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Movie review: ‘Boyhood’ explores growing up, a year at a time
Review » Director, young actor capture the delicate art of growing up.
First Published Jul 31 2014 03:49 pm • Last Updated Aug 04 2014 08:04 am

Richard Linklater’s new film "Boyhood" is a moving drama based on a daring yet shockingly simple premise: What would happen if a movie followed a family over a decade, watching the parents age and the children grow into adults?

Linklater experimented with this sort of time-capsule filmmaking with his "Before Sunrise" trilogy, three movies that captured a romance between two people (Ethan Hawke and Julie Delpy) in their 20s, then in their 30s (in "Before Sunset") and finally in their 40s (in "Before Midnight"). But that was three movies, shot over a span of 18 years.

At a glance

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‘Boyhood’

Shot over 12 years, director Richard Linklater’s touching drama captures the little moments of growing up.

Where » Broadway Centre Cinemas; Century 16 (South Salt Lake)

When » Opens Friday, Aug. 1.

Rating » R for language including sexual references, and for teen drug and alcohol use.

Running time » 165 minutes.

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In "Boyhood," Linklater shot a single movie over 12 years, three or four days every year. The movie starts in 2001 with the story of a single mom, Olivia (Patricia Arquette), raising two kids — 5-year-old Mason (Ellar Coltrane) and his older sister, Samantha (Lorelei Linklater, the director’s daughter). The children’s father (played by Hawke) is absent at the start, but makes sporadic and sometimes awkward appearances in his kids’ lives.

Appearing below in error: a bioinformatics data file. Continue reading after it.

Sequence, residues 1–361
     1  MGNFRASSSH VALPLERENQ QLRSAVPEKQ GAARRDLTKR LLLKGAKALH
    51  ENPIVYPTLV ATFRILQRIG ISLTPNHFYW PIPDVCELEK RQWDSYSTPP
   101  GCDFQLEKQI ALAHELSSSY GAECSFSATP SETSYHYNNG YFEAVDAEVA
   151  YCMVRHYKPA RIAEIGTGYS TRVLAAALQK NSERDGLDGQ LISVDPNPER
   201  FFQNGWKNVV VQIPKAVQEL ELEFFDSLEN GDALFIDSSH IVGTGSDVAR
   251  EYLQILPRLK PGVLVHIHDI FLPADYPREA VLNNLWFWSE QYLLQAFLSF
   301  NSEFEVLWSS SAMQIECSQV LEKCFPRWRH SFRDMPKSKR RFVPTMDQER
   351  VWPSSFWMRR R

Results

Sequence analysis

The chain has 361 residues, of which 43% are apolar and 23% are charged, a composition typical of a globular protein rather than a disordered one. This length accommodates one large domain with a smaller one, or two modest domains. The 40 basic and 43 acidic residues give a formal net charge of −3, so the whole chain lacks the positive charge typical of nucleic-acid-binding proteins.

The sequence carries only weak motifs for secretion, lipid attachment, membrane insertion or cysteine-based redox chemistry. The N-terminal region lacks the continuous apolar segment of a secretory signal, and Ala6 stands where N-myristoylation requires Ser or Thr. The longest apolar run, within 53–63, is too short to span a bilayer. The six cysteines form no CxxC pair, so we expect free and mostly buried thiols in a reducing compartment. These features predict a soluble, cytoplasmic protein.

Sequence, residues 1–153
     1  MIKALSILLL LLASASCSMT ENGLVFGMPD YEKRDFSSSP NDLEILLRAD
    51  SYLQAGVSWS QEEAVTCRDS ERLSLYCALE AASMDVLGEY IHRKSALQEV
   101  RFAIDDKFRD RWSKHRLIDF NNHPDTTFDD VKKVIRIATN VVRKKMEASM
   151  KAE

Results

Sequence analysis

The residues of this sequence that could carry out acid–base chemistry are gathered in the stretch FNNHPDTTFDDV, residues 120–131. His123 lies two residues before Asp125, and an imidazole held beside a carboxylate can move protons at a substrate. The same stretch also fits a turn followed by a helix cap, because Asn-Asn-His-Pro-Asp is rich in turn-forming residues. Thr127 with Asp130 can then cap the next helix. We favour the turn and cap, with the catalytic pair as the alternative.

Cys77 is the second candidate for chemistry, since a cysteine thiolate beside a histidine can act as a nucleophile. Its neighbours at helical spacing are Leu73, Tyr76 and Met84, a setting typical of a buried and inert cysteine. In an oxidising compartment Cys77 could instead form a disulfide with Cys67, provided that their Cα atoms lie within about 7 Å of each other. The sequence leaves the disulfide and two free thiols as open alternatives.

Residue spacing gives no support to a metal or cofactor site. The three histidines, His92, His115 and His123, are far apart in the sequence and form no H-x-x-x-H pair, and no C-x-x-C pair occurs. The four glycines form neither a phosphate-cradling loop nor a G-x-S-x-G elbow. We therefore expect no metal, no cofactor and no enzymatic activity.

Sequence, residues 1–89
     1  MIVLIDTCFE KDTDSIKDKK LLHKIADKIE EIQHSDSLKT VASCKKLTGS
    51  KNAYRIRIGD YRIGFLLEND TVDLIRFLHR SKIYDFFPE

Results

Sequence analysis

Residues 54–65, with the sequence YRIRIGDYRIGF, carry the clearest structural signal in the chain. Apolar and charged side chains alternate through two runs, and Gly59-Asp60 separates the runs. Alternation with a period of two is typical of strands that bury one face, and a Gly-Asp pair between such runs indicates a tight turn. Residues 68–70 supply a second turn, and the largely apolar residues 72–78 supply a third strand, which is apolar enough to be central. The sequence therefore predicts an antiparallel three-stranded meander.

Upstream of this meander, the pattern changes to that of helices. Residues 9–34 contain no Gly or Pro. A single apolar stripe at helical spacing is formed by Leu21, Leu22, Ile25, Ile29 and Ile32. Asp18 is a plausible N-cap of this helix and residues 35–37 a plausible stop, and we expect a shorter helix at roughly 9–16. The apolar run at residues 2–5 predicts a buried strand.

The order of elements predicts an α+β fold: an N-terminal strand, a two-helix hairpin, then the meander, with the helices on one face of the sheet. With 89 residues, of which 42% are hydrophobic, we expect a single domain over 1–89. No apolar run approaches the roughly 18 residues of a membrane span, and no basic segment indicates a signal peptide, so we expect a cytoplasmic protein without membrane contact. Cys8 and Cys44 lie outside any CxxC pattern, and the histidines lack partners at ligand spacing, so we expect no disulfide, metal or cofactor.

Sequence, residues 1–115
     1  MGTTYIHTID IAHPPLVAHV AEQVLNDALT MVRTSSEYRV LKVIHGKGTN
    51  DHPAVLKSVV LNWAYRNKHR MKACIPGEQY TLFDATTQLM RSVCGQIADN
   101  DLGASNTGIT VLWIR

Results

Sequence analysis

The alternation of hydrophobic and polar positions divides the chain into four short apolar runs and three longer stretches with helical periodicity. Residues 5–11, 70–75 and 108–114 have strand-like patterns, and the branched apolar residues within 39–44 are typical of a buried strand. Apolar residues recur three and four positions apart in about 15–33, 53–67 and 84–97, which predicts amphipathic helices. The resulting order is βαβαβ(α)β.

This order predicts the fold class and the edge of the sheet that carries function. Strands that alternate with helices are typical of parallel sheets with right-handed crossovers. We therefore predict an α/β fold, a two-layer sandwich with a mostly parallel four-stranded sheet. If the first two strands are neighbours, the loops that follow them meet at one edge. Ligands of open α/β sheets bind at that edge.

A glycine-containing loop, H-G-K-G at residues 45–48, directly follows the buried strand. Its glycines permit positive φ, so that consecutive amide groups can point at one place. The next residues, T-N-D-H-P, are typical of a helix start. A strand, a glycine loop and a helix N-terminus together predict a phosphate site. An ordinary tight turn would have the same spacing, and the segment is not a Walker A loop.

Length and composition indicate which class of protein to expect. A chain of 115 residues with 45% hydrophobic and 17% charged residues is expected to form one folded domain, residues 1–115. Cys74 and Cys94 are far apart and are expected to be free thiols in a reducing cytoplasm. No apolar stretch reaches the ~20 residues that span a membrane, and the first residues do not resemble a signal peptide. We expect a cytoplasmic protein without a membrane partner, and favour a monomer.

As Olivia tries to start over with her life, Mason deals with regular upheavals — moving into new houses, attending new schools and making new friends. Olivia, in the early years shown here, lacks self-confidence and seeks approval through a man, leading to Mason and Samantha learning to live with stepdads: an alcoholic professor (Marco Perella) and a tough-talking ex-Marine (Brad Hawkins).

Linklater doesn’t overplay the passage of time in his narrative. There are no title cards marking the years, though he plants cultural hints — the Iraq War, the release of a new "Harry Potter" book, Barack Obama’s election and so on — that match the characters’ interests.

The most reliable measures of time are Linklater’s stars, Arquette and Hawke, whose faces age and attitudes soften as the years tick by. Arquette is the standout here, giving a perfectly modulated performance as a mom who deals with setbacks and self-doubt as she gradually comes into her own.

What makes "Boyhood" amazing, though, is how Linklater and Coltrane, an actor whose talent literally matures in front of you, catch Mason in the delicate art of growing up. Mason grows taller, his voice deepens and his interests evolve from curiosity over a dead bird in the backyard to tasting his first beer, from scoping out colleges to kissing his first serious girlfriend (Zoe Graham).

Bit by bit, over the course of nearly three hours, "Boyhood" shows the many small moments that reveal Mason becoming his own man, a full-blooded person who’s more than a reflection of his parents and surroundings. It’s a journey, seldom seen on film, that will fascinate and move you with every step.

movies@sltrib.com




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